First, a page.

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In brief

On 03 March 2021, the Department of Labor and Employment (DOLE) issued Department Order No. 224, Series of 2021, or the Guidelines on Ventilation for Workplaces and Public Transport to Prevent and Control the Spread of COVID-19 (“Guidelines“).

As part of the government’s continuing efforts and in cognizance of the poorly ventilated spaces in many workplaces, the Guidelines emphasize the immediate necessity to strictly enforce proper and adequate ventilation inside the workplace as a preventive measure against the further spread of COVID-19.


All commercial and industrial establishments, projects, sites, and all other places where work is being undertaken indoors are covered by the Guidelines. Healthcare facilities, which require special considerations in the control of COVID-19, however, are not covered.

Applicability and enforcement

The Guidelines shall take effect immediately.

 1. General ventilation strategies and recommendations

Non air-conditioned spaces must comply with the following conditions provided for in the Guidelines: (a) maximize natural ventilation through the use of doors, windows, and other openings; (b) if natural ventilation is not possible, utilize fans and air-conditioning systems, which supply fresh air and extract contaminated air, as a form of mechanical ventilation; (c) carry out dilution ventilation through the use of exhaust fans; (d) keep exhaust fans continuously open; (e) increase outdoor air changes by opening windows and other openings inside the office premises; and (f) conduct weekly cleaning of windows, other openings, and ventilating fans.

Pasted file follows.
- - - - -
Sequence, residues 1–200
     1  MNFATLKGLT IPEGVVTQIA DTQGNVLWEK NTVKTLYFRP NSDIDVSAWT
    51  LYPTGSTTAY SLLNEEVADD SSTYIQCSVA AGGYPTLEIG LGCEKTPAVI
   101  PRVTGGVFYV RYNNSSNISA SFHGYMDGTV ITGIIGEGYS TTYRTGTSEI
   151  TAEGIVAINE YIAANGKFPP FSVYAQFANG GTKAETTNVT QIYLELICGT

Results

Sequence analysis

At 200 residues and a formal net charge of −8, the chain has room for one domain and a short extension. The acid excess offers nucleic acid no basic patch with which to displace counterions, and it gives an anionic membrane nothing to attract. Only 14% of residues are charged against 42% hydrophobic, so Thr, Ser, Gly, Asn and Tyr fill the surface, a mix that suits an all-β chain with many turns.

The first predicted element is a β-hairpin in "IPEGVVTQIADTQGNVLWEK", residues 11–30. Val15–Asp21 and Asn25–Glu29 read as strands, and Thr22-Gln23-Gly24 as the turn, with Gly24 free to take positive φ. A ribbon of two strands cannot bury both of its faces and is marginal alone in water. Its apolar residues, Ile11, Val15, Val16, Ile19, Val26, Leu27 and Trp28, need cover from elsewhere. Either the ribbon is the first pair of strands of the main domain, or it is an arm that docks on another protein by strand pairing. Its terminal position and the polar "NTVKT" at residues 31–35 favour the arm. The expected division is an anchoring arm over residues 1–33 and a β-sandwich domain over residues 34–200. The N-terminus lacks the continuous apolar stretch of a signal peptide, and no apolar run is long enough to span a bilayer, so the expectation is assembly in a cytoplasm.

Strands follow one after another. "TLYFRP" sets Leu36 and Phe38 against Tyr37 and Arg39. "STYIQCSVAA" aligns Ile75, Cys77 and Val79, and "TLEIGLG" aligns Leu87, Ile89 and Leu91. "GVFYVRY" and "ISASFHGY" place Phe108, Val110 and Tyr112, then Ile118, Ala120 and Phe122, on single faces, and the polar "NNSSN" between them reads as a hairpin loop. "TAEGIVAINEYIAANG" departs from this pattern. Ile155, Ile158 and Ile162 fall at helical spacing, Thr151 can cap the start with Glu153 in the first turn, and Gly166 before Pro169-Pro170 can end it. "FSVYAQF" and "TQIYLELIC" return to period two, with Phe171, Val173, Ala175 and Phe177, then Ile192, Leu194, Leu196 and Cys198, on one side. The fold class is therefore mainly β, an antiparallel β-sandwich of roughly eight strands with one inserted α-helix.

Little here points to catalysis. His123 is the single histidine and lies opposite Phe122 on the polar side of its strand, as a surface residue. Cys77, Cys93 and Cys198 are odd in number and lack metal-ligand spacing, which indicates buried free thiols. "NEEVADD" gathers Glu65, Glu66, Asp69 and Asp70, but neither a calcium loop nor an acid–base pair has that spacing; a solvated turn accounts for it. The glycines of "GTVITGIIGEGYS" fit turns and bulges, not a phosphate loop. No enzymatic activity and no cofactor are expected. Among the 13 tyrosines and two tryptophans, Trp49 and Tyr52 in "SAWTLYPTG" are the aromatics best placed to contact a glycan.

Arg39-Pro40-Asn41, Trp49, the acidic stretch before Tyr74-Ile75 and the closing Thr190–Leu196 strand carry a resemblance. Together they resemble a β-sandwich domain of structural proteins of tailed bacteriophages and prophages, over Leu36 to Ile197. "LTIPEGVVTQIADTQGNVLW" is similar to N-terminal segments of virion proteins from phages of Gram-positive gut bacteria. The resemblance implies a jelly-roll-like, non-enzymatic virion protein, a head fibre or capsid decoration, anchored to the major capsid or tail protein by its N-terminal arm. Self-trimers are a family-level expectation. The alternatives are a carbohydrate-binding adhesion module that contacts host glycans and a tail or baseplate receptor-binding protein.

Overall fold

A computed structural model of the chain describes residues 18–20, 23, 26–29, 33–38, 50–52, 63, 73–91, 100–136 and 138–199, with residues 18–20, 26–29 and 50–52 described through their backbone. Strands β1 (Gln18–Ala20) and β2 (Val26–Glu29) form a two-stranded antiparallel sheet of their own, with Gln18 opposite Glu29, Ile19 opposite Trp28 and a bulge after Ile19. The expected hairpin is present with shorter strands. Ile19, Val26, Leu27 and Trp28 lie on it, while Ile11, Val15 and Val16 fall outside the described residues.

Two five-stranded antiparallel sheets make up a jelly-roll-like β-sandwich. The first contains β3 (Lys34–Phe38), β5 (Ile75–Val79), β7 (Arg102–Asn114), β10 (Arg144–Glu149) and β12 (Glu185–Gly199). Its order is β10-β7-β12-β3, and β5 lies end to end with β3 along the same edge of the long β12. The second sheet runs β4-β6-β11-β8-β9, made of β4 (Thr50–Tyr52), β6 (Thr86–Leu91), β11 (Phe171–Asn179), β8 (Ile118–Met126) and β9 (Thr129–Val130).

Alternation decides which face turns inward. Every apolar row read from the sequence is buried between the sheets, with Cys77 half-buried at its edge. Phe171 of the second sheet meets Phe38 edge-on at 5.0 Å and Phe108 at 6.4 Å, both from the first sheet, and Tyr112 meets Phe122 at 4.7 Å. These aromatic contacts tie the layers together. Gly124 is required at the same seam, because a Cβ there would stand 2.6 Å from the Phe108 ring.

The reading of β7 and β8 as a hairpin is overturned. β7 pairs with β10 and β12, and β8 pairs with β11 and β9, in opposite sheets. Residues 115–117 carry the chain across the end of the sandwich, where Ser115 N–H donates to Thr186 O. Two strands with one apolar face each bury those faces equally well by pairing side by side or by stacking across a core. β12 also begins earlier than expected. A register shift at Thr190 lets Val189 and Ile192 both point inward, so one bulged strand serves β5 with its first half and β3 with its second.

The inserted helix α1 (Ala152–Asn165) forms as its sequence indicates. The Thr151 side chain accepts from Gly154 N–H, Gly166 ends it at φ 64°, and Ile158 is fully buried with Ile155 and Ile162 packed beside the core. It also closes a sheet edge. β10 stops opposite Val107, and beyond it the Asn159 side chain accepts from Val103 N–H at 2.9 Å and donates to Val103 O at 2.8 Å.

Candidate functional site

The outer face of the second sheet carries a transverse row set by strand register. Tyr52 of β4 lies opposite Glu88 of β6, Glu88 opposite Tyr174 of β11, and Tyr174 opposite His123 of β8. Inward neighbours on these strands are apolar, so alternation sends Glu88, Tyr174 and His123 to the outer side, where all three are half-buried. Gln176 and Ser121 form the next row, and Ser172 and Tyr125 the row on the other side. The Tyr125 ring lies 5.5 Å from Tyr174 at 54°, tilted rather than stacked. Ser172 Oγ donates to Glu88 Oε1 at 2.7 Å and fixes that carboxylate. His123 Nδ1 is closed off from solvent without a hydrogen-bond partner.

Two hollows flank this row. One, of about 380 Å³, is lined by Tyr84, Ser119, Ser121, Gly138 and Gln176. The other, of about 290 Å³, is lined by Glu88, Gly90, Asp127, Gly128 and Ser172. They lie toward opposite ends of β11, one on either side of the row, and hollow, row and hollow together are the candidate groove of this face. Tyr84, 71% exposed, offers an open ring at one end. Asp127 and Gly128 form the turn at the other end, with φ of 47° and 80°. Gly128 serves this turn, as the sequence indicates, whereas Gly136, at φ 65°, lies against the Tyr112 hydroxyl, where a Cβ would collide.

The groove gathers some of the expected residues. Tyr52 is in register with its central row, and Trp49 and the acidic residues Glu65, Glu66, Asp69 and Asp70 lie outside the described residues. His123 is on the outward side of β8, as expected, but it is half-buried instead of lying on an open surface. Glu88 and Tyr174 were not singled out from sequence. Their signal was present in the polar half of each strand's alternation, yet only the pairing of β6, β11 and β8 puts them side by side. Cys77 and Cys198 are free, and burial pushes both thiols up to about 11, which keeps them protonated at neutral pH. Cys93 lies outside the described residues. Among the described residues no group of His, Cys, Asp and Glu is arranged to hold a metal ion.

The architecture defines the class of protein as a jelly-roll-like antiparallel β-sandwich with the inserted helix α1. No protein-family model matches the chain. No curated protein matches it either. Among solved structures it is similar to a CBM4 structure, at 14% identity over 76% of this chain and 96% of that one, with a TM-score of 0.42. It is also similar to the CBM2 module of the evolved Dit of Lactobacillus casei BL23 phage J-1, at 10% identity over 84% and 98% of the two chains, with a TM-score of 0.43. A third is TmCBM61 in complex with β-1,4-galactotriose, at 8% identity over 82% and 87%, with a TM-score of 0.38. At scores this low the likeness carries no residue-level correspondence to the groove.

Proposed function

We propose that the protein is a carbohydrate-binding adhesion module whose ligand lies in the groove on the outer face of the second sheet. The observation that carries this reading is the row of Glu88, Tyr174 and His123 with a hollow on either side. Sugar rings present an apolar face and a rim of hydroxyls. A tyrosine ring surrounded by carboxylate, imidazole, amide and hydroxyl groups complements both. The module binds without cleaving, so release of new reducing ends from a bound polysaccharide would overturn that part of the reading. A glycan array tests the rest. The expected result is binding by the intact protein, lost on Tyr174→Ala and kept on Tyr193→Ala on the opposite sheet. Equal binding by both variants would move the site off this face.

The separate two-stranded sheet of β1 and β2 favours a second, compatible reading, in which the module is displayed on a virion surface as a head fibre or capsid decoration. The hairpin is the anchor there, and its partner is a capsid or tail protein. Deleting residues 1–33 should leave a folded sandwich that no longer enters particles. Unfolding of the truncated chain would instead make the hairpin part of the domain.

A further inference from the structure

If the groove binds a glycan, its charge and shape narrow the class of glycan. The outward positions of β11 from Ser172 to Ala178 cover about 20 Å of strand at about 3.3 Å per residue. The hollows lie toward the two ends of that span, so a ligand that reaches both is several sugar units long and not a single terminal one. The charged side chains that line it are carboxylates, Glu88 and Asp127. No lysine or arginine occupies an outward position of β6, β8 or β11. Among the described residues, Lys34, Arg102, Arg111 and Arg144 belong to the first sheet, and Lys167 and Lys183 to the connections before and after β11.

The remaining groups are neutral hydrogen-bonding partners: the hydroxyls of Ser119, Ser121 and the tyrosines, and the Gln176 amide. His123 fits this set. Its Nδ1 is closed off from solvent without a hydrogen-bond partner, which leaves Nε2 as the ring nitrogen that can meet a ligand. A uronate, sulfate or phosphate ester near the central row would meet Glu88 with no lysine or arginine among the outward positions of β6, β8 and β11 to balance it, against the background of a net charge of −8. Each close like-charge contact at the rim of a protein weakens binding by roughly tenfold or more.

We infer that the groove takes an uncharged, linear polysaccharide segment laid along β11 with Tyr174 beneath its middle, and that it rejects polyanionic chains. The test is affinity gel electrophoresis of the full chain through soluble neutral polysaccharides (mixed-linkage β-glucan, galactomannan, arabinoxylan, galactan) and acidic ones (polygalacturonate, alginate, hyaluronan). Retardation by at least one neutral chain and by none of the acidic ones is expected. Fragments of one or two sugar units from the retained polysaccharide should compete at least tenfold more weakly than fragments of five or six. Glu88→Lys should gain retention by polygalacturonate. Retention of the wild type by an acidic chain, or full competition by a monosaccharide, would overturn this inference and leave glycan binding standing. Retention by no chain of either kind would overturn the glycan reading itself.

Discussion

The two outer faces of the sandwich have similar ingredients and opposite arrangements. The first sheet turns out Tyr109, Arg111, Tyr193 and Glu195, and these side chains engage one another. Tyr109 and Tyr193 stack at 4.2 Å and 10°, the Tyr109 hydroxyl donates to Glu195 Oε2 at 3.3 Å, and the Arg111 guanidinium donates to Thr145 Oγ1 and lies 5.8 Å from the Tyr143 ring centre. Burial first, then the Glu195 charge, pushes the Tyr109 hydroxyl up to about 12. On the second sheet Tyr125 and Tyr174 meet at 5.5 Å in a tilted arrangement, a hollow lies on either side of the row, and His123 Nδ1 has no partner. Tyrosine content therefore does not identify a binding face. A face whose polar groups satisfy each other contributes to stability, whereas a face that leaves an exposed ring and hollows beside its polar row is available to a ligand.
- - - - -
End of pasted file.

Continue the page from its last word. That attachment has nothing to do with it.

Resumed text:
Conversely, for air-conditioned spaces, covered establishments must comply with the following conditions: (a) outdoor air should conform to the recommended breathing zone ventilation rates; (b) establishments must run the ventilation system for at least 30 minutes before and after spaces are occupied; (c) likewise, establishments should ensure that enough exhaust fans relative to the room volume are available; (d) where ventilation is greatly recirculated, filters can be used to clear recirculated air; (e) employers should keep the louvers of local air conditioning units in an upward position to prevent air from flowing from one person to another; (f) concerned persons must frequently open the windows, doors, and other openings inside their office premises; and (g) they must establish a cleaning and maintenance program for mechanical systems and change filters whenever necessary.

In relation to the foregoing, the Guidelines also require the continuous operation of the local exhaust ventilation system in the workplace, especially when workers are present within the office premises, to allow for additional air exchange inside the workplace. Lastly, covered establishments should also ensure that exhaust fans inside restroom facilities are functional and operational at full capacity whenever the building is occupied.

2. Ventilation assessment